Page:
Meet Coast, An IPad Browser Without A Back Button, URL Field, Or Tabs

For a device that’s centered around touch and gestures, why do the iPad’s browsers have back and forward buttons, anyway?

Meet Coast, An IPad Browser Without A Back Button, URL Field, Or Tabs

Opera calls Coast the browser that should have come with the iPad. In designing one from the ground up, the company decided to do away with staples of traditional browsers–including back and forward buttons, a URL field, tabs, and bookmarks–in favor of a gesture-based experience to complement Apple’s tablet.

When approaching this project, Huib Kleinhout, Opera’s head of Coast, asked why there was a back button in iPad browsers. “The iPad is, after all, designed for touch. You swipe, drag, and use gestures to move around,” he said on the Coast website. While websites and apps feature new ways of interacting, he said, “browsers have been stuck in a keyboard-and-mouse world.”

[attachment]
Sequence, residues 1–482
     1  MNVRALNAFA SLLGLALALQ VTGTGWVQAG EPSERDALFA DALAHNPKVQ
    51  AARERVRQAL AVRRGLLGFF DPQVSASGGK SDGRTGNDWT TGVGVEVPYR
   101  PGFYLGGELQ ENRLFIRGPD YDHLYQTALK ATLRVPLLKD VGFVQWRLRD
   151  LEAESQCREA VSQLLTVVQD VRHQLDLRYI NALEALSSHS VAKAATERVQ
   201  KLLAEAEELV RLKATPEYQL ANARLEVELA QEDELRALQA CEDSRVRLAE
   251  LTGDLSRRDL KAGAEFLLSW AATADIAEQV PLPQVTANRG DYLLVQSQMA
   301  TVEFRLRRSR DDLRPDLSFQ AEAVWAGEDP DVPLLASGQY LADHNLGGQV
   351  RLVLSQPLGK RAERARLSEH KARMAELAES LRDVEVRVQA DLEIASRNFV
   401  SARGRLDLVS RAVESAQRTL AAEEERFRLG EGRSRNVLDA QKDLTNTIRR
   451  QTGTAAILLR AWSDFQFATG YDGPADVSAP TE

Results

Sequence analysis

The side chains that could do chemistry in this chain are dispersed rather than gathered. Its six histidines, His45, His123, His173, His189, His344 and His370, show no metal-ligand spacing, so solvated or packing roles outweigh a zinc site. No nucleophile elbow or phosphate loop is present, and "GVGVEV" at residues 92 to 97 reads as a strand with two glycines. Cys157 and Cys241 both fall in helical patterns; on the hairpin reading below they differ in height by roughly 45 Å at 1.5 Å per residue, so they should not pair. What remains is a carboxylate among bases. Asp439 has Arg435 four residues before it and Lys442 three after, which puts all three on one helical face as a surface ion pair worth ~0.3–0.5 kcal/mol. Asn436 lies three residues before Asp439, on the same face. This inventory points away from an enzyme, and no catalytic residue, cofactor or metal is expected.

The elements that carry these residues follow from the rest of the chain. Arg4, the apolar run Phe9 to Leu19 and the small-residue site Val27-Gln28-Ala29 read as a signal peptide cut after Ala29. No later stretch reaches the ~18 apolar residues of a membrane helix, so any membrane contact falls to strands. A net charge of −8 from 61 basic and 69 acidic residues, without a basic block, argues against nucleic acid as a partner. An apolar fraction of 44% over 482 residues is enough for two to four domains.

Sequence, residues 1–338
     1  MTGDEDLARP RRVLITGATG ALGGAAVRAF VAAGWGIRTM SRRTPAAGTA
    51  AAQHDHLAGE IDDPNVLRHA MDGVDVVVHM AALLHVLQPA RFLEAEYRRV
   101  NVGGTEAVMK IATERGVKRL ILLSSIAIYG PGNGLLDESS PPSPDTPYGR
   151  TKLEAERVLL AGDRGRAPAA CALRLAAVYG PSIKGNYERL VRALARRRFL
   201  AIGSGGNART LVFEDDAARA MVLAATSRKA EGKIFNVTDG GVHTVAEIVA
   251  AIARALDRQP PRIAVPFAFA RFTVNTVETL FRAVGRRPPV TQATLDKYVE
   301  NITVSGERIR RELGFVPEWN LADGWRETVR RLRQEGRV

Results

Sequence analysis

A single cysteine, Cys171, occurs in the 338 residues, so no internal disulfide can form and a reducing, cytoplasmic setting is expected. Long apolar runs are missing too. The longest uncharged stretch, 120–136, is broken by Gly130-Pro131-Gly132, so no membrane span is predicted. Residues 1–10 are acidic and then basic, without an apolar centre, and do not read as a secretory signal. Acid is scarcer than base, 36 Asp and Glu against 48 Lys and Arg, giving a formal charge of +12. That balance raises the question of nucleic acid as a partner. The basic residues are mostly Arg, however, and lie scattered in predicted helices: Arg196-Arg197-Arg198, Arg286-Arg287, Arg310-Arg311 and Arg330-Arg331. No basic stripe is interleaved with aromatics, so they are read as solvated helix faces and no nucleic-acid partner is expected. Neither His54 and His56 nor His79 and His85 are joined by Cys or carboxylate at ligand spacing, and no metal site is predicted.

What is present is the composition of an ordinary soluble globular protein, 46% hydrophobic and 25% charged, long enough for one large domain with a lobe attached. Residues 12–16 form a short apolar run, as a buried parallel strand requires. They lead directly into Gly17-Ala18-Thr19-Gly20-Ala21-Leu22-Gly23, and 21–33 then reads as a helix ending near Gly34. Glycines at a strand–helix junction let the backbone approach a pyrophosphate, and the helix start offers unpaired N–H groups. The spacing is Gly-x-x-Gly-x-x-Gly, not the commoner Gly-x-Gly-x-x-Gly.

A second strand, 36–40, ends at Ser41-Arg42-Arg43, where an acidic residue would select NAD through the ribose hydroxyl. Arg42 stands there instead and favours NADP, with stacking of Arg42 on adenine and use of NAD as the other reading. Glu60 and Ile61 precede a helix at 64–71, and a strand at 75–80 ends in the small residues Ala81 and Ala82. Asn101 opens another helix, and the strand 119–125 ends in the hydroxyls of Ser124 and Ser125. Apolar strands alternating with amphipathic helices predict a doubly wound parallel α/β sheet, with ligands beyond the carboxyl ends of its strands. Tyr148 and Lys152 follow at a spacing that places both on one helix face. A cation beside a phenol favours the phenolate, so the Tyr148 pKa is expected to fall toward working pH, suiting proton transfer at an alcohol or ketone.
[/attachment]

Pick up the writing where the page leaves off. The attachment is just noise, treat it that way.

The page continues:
In addition to focusing on swipe gestures and animations, Kleinhout decided to simplify the home screen, boiling it down to three components: a search and address field, a speed-dial grid with easily accessible websites, and recently opened sites.

Because Coast, named for the lean-back browsing experience, doesn’t display a URL field at the top of the screen, users instead swipe down for the search and address field. While typing a search query, the browser will show suggested sites on the right and keywords above the text entry, both of which the user can select. The displayed web pages have two icons on the bottom to return to the home screen and show recent sites visited. When accessing recent sites, users can swipe between different open pages and can close a site by pushing it up.

[Images: Coast]

About the author

Based in San Francisco, Alice Truong is Fast Company's West Coast correspondent. She previously reported in Chicago, Washington D.C., New York and most recently Hong Kong, where she (left her heart and) worked as a reporter for the Wall Street Journal.



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